Why Dorset?

Apples

Most apple growing counties in the UK make some kind of apple cake and I came across recipes from Somerset, Devon and Kent as well as further afield.  There is some variation, for example cider is often included in the Somerset cake, but for the most part, these cakes resemble the Dorset version. So why has Dorset Apple Cake come to dominate, capturing the imagination of celebrity chefs and home bakers and featuring in the Guardian newspaper?  I asked local bakers whether they knew what set the Dorset version apart but they just shrugged their shoulders.  I came to the conclusion that Dorset Apple Cake has been made in the county for many years by local people but has recently acquired a certain mystique, partly through the appropriation of the cake as the county food and partly with the enhanced foodie profile of Dorset.

I visit the experts

Leakers 2

My next stop was Leakers, a well-known, traditional bakery in the west Dorset town of Bridport.  As well as making its own version of Dorset Apple Cake, Leakers has sponsored the Best Dorset Apple Cake competition at the local Melplash Show so they should know a thing or two about the county’s signature food.  Although the business is now owned by Caroline Parkins, the apple cake is made by Jo Leaker, grand-daughter of George Leaker who moved from Devon in 1914 to take over the Bridport bakery.  Jo has been making the cake at Leakers on a part time basis for ten years using a recipe dating from 1914 “handed down and tweaked”.  I met Jo in the bakery at the end of a baking day and found her standing proudly by six large trays of apple cake, each a mosaic of rich chestnut brown cake and pale green apple chunks.  She was very welcoming and keen to share her knowledge, providing this didn’t extend to the recipe!  “Many people have tried to get hold of it!” she told me.

Jo Leaker 1
Jo Leaker with her very popular Dorset Apple Cake

Jo described her cake as “rough and rustic with lots of apple”.  She uses eaters or cookers, whatever is available, peeled and roughly chopped within the cake while the surface is decorated with chunks so the apple taste comes through; cinnamon is included but no sultanas or lemon.  Her cake is very popular, it’s now a Leakers speciality, and in the peak season she makes twenty trays a week.

The Great Dorset Apple Cake Bake Off

Inspired by my visit to Leakers, I decided to try my hand at making apple cake.  I made two versions: one according to the Guardian’s “perfect” recipe which, aside from the usual ingredients, used wholemeal flour and Cox’s apples; my second cake had less sugar and butter and was based on a recipe from Amanda Persey’s book of “Favourite Dorset Recipes”.  I used cooking apples, added cinnamon and decorated the top with apple chunks.  Details of these recipes are given below.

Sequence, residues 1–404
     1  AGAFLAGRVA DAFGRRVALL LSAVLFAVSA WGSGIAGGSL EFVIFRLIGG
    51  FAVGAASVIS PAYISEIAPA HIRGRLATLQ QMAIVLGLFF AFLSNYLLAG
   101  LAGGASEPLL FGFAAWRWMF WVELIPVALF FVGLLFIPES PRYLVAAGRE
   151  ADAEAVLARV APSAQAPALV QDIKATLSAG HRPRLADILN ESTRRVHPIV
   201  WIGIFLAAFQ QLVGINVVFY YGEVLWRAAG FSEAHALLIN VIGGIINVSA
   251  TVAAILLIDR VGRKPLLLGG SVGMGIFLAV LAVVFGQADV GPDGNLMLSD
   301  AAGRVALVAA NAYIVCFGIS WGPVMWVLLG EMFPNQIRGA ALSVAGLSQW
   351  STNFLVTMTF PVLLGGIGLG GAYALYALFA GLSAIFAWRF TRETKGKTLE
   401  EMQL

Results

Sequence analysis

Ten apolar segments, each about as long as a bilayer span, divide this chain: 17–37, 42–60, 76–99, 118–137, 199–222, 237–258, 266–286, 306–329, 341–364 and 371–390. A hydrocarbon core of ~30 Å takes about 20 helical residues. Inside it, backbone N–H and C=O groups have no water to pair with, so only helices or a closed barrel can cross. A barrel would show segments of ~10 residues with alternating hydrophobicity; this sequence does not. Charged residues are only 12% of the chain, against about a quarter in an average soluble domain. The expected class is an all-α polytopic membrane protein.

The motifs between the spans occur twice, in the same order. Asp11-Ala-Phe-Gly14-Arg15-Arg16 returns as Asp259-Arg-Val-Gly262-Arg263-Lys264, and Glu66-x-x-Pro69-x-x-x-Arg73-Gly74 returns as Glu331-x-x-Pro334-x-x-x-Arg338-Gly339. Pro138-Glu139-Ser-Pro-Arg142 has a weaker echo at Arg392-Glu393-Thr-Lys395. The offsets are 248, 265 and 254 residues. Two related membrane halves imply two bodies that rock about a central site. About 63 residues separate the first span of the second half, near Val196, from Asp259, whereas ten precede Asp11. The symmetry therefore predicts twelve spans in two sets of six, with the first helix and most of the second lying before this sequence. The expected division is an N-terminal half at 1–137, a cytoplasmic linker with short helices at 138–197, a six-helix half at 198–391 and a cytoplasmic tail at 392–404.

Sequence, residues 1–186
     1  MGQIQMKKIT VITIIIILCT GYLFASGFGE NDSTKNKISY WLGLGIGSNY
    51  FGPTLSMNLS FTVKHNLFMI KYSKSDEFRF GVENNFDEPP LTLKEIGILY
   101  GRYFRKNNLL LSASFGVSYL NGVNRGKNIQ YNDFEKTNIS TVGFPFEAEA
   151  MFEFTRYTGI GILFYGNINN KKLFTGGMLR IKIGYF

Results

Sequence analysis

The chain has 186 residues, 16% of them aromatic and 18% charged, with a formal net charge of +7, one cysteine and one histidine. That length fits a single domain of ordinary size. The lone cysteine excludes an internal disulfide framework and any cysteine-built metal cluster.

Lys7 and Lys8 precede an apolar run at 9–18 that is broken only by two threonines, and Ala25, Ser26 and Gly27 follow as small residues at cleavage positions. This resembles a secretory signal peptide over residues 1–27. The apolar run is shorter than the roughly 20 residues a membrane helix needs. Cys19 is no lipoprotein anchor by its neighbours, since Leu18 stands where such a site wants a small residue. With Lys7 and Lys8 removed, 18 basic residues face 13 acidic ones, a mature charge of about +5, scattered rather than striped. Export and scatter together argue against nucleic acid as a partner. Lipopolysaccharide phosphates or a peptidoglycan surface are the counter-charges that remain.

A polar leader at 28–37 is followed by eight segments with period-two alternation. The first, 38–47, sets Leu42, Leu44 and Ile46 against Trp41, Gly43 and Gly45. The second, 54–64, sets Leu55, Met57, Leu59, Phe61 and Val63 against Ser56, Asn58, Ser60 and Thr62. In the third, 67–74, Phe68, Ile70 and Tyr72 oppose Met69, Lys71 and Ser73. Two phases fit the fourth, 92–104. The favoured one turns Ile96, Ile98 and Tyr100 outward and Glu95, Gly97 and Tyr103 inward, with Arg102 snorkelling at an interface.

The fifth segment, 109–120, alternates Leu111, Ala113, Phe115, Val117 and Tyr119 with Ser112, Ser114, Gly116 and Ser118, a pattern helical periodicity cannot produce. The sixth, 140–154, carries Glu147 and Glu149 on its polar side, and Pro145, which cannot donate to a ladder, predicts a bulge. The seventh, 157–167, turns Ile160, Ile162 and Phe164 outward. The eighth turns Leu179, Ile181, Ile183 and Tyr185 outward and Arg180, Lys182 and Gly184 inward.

Cake Science

While the cakes were baking, I couldn’t help pondering the seemingly magical transformation taking place in the oven. What chemical changes were occurring as the cake baked and how does each ingredient contribute to the structure, lightness and flavour of the final product?

Every baker wants their cake to be light and airy but it needs some structure as well and here the flour is a major contributor.  Proteins in the flour come together to make gluten when they meet moisture; the gluten forms a protein scaffold, a flexible web that helps trap carbon dioxide and water vapour as the cake expands.  The lightness comes from the raising agent, baking powder; during the early phase of baking it releases carbon dioxide gas which becomes trapped within the matrix of egg, butter, sugar and flour causing the mixture to expand and giving the cake a light, porous texture.  Butter brings flavour and richness as well as restraining gluten formation helping to keep the texture light.   The eggs provide moisture and the egg proteins solidify during baking, sealing off the bubbles of carbon dioxide; the structure of the cake is completed by the coagulation of the flour proteins.

Second cake
My second apple cake

 

The winning apple cake

Armed with two of my own cakes and a chunk of the Leakers version, I asked my home tasting panel which they liked best.  The Guardian “perfect” cake looked good and had a light open texture, but everyone in my household found it too sweet, so much so that it overpowered the taste of the apples.  It might work better with a tart cooking apple but it definitely was not to our taste.   My second cake also looked good and the apple chunks gave it an appropriately rustic feel.  We liked this cake with its dense but crumbly texture; it was not too sweet, allowing the apple taste to come through strongly.  Jo Leaker’s apple cake was, however, the winner and it was especially good when warmed.  We liked its very moist but dense texture and its strong apple taste, combined with a not-too-sweet crumb and an interesting buttery surface.   I should have realised that the professionals know best!

Now it’s your turn to get baking and discover the mysteries and the pleasures of Dorset Apple Cake.

cake
Jo Leaker’s Dorset Apple Cake

 

 

Recipes for Dorset Apple Cake

My first cake

slightly modified from Felicity Cloake’s Perfect Dorset Apple Cake Recipe

Ingredients:

Wholemeal flour (225g) (I used spelt flour)

Baking powder (2 tsp)

Pinch of salt

Mixed spice (1tsp)

Rapadura sugar (175g) (Felicity Cloake calls for light muscovado which may work better)

Butter, melted (150g)

2 large eggs, beaten

4 medium Cox apples, cored but not peeled, then diced (The apple flavour may come through better with a tart cooking apple, but I followed Felicity’s suggestion of Cox’s)

Demerara sugar to top